Interview with Paul Brown M.D., Founder of HEARx
Beck: Hi Dr. Brown. It's a pleasure to speak with you, and I want to thank you for your time this morning.
Brown: Hello Dr. Beck. Thank you for the invitation. I'm glad to be here.
Beck: Before we talk about the impressive growth of HEARx and HearUSA, I'd like to learn a little about your professional education and history. Would you please tell me where you went to medical school, and when did you graduate?
Brown: I attended college at Harvard, then attended Tufts medical school and graduated with my MD in 1964.
Beck: Did you know you always want to be a physician?
Brown: Well, no. Actually I was a reluctant attendee of medical school. My father was a physician and he was on the faculty of both Harvard and Tufts medical schools and he wanted me to become a doctor. If I recall, the deal was that if I went to medical school, he was willing to pay for that, but if I went to business school, that was going to be my fee to pay. So I went to medical school!
Beck: Sounds like you made the right choice! What happened after you left Boston?
Brown: After my internship in Boston, I went to New York to do a residency in pathology. I was at Columbia-Presbyterian for four years, and then in the military at the Portsmouth Naval Hospital.
Beck: And then you started a company in the lab business - is that correct?
Brown: Yes, while I was a resident at Columbia, I "moonlighted" and worked at Park East Hospital. I was absolutely amazed at how bad the quality of the lab work was for the patients -- it was just terrible. I decided to try and change the field. As a young resident, and as a young man with the "business bug," I spoke to my professors in Boston and New York and we figured out what needed to be done. We opened in April, 1969 as Metropolitan Pathology Services, and later became MetPath, and then Corning Diagnostics and finally Quest Diagnostics...a lab with annual revenues in excess of $4.5 billion. We did a lot of things right and we changed the landscape of pathology lab services.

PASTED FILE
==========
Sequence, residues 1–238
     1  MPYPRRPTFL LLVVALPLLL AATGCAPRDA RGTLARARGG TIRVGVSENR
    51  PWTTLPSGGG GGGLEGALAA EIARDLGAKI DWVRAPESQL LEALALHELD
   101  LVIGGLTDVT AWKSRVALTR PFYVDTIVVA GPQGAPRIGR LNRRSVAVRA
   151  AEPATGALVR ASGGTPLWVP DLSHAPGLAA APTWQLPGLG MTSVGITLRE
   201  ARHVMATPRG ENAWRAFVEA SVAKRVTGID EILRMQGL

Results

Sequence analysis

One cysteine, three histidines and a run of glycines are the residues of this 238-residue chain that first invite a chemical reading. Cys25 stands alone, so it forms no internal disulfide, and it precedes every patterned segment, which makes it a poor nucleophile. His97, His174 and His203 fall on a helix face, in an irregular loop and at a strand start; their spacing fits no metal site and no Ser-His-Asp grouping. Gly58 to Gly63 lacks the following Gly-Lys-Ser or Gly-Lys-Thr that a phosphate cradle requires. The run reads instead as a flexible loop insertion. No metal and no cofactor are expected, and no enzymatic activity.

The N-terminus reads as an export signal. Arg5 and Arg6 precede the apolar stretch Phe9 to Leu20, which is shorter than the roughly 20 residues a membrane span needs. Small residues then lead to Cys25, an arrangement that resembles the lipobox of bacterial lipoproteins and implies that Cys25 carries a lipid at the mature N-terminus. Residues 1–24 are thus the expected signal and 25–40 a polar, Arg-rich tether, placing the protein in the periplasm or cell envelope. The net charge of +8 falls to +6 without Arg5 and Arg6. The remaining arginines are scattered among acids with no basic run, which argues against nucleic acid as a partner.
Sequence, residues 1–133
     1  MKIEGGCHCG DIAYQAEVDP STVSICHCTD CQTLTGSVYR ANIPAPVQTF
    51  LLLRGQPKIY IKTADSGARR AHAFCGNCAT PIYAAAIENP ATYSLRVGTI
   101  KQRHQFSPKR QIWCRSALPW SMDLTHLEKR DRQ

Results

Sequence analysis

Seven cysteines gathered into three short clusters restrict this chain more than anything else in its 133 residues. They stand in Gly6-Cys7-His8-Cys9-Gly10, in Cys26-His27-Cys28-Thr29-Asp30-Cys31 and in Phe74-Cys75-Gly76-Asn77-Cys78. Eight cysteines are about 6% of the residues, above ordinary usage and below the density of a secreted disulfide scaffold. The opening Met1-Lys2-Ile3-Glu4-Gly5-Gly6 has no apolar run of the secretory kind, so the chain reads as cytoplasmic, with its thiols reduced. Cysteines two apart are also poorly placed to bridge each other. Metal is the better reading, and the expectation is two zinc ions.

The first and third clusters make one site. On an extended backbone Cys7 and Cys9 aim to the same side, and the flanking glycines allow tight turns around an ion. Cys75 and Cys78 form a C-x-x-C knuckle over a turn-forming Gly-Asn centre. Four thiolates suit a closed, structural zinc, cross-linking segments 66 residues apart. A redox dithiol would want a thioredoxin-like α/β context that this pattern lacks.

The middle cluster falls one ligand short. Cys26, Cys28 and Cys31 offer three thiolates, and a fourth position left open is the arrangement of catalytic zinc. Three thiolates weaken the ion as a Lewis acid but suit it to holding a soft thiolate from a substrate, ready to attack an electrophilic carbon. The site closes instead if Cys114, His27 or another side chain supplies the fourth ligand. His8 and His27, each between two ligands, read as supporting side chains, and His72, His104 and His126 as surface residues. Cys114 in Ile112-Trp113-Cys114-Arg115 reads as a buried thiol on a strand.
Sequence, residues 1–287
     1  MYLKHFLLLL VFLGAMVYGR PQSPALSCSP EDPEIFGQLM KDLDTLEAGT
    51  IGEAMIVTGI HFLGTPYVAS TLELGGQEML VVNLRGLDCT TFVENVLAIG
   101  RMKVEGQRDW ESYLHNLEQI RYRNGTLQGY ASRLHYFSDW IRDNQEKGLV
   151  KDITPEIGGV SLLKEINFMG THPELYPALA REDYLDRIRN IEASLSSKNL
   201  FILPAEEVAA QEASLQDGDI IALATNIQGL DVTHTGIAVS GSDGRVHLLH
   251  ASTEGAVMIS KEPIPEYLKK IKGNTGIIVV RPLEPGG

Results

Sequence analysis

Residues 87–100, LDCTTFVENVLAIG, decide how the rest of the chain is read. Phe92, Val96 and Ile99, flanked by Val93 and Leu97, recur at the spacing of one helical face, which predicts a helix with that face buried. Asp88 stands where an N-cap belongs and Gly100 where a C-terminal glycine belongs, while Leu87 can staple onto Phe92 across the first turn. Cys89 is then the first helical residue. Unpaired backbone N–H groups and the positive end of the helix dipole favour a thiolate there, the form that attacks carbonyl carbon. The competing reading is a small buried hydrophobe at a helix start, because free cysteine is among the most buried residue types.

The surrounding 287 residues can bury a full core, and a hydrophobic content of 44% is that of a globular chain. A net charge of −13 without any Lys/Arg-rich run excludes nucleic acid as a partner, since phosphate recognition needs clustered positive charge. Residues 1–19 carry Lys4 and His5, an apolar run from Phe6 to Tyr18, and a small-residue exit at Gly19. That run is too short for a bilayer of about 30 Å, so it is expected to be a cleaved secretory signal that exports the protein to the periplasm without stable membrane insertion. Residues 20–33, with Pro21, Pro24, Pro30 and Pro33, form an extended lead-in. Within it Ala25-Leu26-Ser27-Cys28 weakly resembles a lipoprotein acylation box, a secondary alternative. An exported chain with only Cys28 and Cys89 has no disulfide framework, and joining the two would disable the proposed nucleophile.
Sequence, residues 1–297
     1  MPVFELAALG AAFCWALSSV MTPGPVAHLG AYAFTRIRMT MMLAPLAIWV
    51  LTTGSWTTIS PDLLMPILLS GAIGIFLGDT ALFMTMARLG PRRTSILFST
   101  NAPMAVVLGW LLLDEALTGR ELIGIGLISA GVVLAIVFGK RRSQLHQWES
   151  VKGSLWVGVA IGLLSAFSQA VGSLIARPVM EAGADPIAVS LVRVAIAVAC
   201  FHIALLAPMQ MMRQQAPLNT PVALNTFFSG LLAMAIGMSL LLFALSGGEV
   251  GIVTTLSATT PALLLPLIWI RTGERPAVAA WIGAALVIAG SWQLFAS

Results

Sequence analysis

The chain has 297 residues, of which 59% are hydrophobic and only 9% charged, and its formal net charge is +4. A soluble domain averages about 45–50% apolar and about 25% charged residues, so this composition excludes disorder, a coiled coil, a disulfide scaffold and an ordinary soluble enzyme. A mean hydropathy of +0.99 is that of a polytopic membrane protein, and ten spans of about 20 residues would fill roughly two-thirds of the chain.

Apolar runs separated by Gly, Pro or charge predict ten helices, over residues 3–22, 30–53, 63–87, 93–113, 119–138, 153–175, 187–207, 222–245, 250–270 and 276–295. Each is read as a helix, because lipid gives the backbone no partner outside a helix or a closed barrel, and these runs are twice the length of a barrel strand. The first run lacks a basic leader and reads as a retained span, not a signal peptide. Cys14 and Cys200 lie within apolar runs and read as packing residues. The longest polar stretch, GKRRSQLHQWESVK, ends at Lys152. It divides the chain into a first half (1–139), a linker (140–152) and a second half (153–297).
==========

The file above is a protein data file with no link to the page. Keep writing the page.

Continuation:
Beck: I know you've been written up in Business Week, and Fortune Magazine and Forbes -- how did you become involved with hearing aids?
Brown: Well, after retiring from MetPath I looked around for a couple of years, but nothing really got me excited, until I researched hearing care. When I looked closely at the industry, there were many similarities to the lab situation when I entered that field. There were many independent practices with little regulation. In fact, in my home state, Massachusetts, to get a dispensing license, basically you just had to be able to fill in the application. I found the field interesting and challenging and I realized the opportunities to educate consumers and health care practitioners about the importance of quality hearing care.
Beck: Did you ever think about becoming an ear, nose and throat doctor?
Brown: No, not really. My introduction to ENT was less than fascinating while I was in medical school, and I wasn't interested in becoming a student or a resident again!
Beck: Where was your first hearing aid dispensing office?
Brown: The first office was called HEARx and we opened it in southern Florida in Dade County. We knew the demographics could support the business, but what we really wanted was a medical business, where the customers were physicians and insurance companies, not solely the patient.
Beck: So you were looking for a business model similar to that which worked in the pathology model, where the professionals were the customers?
Brown: Absolutely. We knew that was the way to go from the beginning, and we also knew that we needed multiple access points, because big insurance companies with hundreds of thousands of patients need to know their patients can be serviced. If you have only one office you're just not likely to get the contract. To obtain a Medicare Managed Care contract, service points must be located every twenty minutes, or 20 miles, from the patients. We needed a lot of centers, and we also needed standardization - so policies and procedures would be consistent from center to center. We also realized that family practitioners, GPs, internists and others really knew very little about hearing or hearing loss, and they certainly don't understand the quality of life issues related to hearing. Otolaryngologists and audiologists are formally trained and they spend years studying hearing loss, they are the experts.
Beck: So your first office was in Dade County, and although you knew you wanted to have many centers, there had to be a first! So what happened when you opened the first office?
Brown: When we opened the first office -- we starved! There were so many challenges and the market was not nearly as receptive to a quality-oriented chain of hearing centers as I had hoped. It took seven years to get our first insurance company contract.
Beck: Seven years is a long time. How many contracts do you have now, in 2004?